“The general fertility rate is defined as the number of live births per 1000 women of childbearing age. Although the denominator of this measure only includes persons who are assumed to be able to give birth, the measure depends on the age distribution among women. A particularly high value of the general fertility quotient can thus be partly or wholly due to a large proportion of women in the 25-34 age group, where the fertility level is higher than in the other age groups.”

source: Matthiessen, Poul Chr.: fertility in Den Store Danske on lex.dk.Retrieved 11 August 2021

In 2021, the general fertility rate is calculated to 58,4 for persons born in Greenland and 59,6 for persons born outside Greenland, residing in Greenland. The steep decline in fertility around 1970 led to a sharp drop in the annual number of live births, so sharp that just 10 years later the birth cohorts had halved in size. The birth cohorts before the fertility decline are referred to as ‘the big cohorts’ and it is extremely important to have comparable measures that the age component is standardized.

Statistics Greenland recommends that age-specific/total fertility be used for fertility comparisons between areas or over time.

kilde: Statistikbanken

Aldersbetinget & samlet fertilitet

“The age-specific fertility quotients are obtained by calculating the number of live births per 1000 women in each 1-year or 5-year age group.The total fertility rate indicates the number of live births that 1000 women would give birth to during their fertile period if they gave birth in accordance with given age-specific fertility rates and lived through the entire fertile period.”

source: Matthiessen, Poul Chr.: fertility in Den Store Danske on lex.dk.Retrieved 11 August 2021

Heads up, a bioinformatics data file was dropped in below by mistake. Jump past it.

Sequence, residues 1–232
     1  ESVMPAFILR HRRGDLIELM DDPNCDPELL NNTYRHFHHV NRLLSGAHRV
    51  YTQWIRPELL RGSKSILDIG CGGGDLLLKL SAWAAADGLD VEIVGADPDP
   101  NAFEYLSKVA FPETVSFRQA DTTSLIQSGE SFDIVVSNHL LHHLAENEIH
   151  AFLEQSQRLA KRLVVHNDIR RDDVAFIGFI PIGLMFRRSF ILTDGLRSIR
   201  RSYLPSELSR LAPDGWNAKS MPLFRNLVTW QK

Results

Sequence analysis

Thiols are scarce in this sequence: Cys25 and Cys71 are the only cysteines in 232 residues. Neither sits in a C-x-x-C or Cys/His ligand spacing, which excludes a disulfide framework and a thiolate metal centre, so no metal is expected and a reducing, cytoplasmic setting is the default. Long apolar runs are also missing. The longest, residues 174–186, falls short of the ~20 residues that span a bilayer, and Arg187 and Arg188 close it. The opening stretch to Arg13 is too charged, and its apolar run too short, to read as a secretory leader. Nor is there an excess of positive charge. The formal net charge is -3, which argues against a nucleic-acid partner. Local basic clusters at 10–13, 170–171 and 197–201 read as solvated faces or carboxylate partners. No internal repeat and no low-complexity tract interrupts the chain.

The age-specific fertility quotients and the sum of these over the fertile ages, which is called total fertility, are the most important measures for describing the fertility of a population.

Chart 2a shows these calculated on a 2-year and 5-year basis, respectively. It can be seen that the importance of random annual variations is significantly reduced when the calculation basis is larger.

Chart 2b shows the development in total fertility over the last r CONST_taar-1995 years. Since 2010, the total fertility level has been around 2.1 children per woman, which is the fertility level a population must have in order to reproduce itself, when migrations are disregarded.

Figur 2a Aldersbetinget fertilitet

Figur 2b Samlet fertilitet

The capital and the main residences are educational cities, which is why they attract young people in education, who have lower fertility than women of the same age who live in the smaller residences.

Women who live in the smaller settlements have children earlier than women in education. They both start and end earlier.

Figur 3a Aldersgrupper

Figur 3b 2021

Regionalt fertilitetsindeks

The regional fertility index is calculated by indirect standardization and expresses the ratio between the actual number of births in a region and the expected number of births if the women in the region give birth to children in accordance with the national average.

On demographic method, see Teoretisk Demografi, PC Matthiessen 1970

This calculation shows that the fertility level is fairly constant in the country’s municipalities, the size-grouped localities and most districts, especially when a 5-year average forms the basis of the calculations.

However, Qaanaaq and Ittoqqortoormiit stand out significantly with a fertility level that is similar to 2 and 2½ times the national average, with significantly greater uncertainty due to the size of the calculation base.